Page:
Moreover, if CA members were to support a by-laws change increasing the per-house assessment to incoming residents by $300 to $1,500, both the capital fund balance and the retained cushion would be greater.
CA directors have estimated that the full loan amount, repaid over 10 years at five percent interest, would require annual debt service – both payment on principal and interest – of $305,450. A calculation using the lowest average number of homes resold each year – 240, indicates the amount of money produced each year at $1,500 per home sold would be $360,000 – more than enough to cover such an annual debt service. However, if the community does not support the by-laws change and the per-house fee remains at $1,200, the annual amount produced would be $288,000, or, theoretically, about $13,500 short of the debt service minimum.
Assuming the estimated annual debt service is correct and relying on all the other variables as estimated, over a 10 year span the $2.4 million loan would be repaid in the amount of $3,054,500, putting the cost of borrowing the money at $654,500.
The loan would not be a mortgage because no real property would be used as collateral, Black said. Rather, it would be the projected income of the resold home fees accumulating in the capital fund that would be pledged as collateral for the loan, he added – “that, and the full faith of Sun City Center.”
It’s not the numbers, though, but the very existence of indebtedness that has led some residents to promise a “no” vote. Dave Brown, a long-time community advocate, told The Observer this week he opposes any debt for any reason and cannot support debt financing. Brown agreed the CA needs more space to function competently and to meet various resident requirements, but questioned the reasoning for a Central Campus café, for example. Pointing to construction in recent years of the arts and crafts building on Cherry Hills Drive and the fitness center adjacent to the Atrium without incurring debt, he suggested the same approach for any other improvements to campus facilities.
Cal Kimura takes issue with several aspects of second phase proposal, concerned that the full story is not being told. Despite statements by SOL architect Carlos Molnar that the jutting roofs of the two proposed new buildings will withstand hurricane level winds, Kimura doubts their structural integrity. A 200 mph wind – a category five hurricane – “and they’re going to fly away,” he said. Kimura also voiced concern that the shuffleboard players were not advised their Central Campus courts would have to be moved to the South Campus to make room for any new construction. Leaders, he added, “should be honest with people.” And when it comes to money, he labeled as “bogus” CA suggestions that the new buildings would not result in added costs passed on to residents. More space will require more maintenance and it’s likely to be covered by dues increases in years ahead, he asserted.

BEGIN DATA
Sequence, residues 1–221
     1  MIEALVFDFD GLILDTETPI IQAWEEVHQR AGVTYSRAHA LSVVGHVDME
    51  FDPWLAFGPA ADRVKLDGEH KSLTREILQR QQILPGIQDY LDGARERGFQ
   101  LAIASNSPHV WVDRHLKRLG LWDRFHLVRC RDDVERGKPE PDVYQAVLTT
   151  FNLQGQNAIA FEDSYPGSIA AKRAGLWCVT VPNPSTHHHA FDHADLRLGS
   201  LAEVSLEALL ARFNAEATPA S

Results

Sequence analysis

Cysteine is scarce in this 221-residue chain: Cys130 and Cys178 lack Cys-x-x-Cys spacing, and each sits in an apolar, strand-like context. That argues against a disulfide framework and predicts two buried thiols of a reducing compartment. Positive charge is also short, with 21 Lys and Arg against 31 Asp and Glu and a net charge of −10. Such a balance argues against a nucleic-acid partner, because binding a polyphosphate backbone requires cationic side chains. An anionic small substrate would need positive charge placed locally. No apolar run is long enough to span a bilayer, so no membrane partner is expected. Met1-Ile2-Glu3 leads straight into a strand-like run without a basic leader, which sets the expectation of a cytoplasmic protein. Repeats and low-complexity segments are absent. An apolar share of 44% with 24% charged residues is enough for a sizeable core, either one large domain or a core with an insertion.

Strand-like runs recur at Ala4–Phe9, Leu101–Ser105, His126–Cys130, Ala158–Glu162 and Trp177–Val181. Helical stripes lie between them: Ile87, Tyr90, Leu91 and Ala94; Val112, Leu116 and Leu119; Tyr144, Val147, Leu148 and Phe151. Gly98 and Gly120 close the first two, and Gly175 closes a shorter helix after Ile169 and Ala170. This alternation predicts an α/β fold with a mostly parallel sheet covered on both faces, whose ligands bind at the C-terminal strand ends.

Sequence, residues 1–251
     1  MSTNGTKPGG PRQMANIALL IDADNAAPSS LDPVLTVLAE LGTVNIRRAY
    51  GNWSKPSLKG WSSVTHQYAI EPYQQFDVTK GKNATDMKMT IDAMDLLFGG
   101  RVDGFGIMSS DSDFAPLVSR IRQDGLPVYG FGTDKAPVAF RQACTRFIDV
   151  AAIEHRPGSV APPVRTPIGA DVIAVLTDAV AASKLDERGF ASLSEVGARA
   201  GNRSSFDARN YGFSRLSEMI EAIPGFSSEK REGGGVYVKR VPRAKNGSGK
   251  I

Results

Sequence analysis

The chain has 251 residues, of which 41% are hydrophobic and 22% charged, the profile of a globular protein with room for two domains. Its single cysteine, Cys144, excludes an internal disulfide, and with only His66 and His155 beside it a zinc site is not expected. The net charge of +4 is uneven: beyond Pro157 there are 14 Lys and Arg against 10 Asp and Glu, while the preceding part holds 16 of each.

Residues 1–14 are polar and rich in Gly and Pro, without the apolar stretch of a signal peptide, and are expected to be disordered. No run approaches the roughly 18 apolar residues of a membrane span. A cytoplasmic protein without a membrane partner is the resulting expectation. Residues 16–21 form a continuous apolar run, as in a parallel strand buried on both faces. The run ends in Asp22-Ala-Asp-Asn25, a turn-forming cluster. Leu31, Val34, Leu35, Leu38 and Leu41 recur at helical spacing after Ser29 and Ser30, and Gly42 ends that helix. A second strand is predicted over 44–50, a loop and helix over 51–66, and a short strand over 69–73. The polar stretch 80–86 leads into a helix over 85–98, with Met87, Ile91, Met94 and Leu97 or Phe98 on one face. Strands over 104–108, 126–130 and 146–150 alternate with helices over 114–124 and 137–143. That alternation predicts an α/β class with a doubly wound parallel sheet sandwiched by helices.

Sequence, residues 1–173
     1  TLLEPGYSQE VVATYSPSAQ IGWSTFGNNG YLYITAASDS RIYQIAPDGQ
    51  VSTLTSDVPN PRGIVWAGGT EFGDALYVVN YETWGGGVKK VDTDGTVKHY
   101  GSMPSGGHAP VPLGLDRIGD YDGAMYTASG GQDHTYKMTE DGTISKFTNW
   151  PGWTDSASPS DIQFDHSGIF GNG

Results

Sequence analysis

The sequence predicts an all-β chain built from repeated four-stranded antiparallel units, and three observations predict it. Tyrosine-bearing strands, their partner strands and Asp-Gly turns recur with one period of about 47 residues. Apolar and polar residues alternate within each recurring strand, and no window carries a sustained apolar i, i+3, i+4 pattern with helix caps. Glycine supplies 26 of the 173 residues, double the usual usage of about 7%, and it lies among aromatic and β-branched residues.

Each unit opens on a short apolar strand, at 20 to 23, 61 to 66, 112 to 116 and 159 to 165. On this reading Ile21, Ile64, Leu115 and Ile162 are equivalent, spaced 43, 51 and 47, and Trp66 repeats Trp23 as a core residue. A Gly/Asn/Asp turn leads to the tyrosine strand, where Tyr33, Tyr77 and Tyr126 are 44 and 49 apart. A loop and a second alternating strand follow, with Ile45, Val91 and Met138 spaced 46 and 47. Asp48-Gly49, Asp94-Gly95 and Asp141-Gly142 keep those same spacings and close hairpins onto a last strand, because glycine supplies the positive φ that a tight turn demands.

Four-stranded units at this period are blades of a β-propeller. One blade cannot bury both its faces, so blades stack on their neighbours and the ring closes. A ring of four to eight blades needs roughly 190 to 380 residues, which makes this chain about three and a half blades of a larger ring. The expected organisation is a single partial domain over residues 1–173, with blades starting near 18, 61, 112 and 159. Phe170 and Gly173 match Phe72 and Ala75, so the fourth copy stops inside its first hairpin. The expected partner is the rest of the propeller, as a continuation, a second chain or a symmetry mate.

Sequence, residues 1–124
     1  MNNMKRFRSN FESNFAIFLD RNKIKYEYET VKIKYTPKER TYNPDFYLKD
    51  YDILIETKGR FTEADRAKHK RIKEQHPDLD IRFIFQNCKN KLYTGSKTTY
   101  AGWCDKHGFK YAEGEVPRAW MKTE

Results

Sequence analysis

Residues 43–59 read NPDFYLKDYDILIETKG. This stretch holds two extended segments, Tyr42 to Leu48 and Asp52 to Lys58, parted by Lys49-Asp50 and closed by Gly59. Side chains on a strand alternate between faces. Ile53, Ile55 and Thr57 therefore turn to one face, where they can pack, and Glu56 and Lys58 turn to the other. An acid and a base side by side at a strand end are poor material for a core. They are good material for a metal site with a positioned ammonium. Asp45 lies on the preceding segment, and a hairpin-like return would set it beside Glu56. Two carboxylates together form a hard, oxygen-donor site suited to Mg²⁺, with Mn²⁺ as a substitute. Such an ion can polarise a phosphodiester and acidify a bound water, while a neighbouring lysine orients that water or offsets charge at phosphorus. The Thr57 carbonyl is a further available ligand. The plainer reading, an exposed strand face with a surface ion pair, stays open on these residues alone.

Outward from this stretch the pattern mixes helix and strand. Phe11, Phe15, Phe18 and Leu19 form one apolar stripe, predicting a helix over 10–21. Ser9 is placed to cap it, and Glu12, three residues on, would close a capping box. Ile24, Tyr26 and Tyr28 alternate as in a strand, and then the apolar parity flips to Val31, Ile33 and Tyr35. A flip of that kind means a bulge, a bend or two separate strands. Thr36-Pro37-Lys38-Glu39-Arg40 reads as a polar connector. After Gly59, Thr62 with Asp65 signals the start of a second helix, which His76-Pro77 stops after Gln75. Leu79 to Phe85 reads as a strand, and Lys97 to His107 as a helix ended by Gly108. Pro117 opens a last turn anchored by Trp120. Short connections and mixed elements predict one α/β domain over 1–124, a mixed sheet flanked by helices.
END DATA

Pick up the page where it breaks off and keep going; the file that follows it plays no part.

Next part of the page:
Albert Clark, like Kimura, objects to the new building design, but for a different reason. The styling is so “1948,” he said, adding that the new buildings do not coordinate with any others on the campus. The retro look is “just a way to spend money,” he asserted. Regarding other aspects, Clark questioned whether serving alcohol near the outdoor pool as proposed for the new café “is a good idea,” suggested that “Security Patrol does not need a fancy building” or to be “showy” and wondered whether outdoor events such as the annual Fun Fest could be produced on the new patio in the midst of the abundant new landscaping planned.
On the other hand, Clark agreed that the CA offices “are in bad shape” and that costs of borrowing money are less now, along with the costs of construction in a depressed economy. The objective is not to spend money “just to be spending it,” he added, the objective is “to invest without throwing money” at the problem.
Clark, Kimura and Brown all share sentiments with two of the five candidates currently seeking election to three seats on the CA board. Both Rob King and Paul Sasville, newcomers to the annual election process, have expressed reluctance to incur debt in the present uncertain economy, while Al Alderman and Jane Keegan, sitting first term directors, along with Howie Griffin, a former director, are solidly in favor of the proposed facelift and related financing.
Deadline for the election balloting, as well as voting up or down on a dues increase to $263 annually, is Dec. 7 and 8. CA members also have been voting using an absentee ballot provided in their monthly CA newsletter.
A week later, on Dec. 15, residents will choose by voting whether to increase the “transfer fee” to $1,500 per house sold to a newcomer. Their last opportunity to support or reject the Central Campus proposals in whatever form they have taken by that time will come February 13 and 14, 2012, when CA members will decide the shape of their valentine to their community.
Copyright 2011 Melody Jameson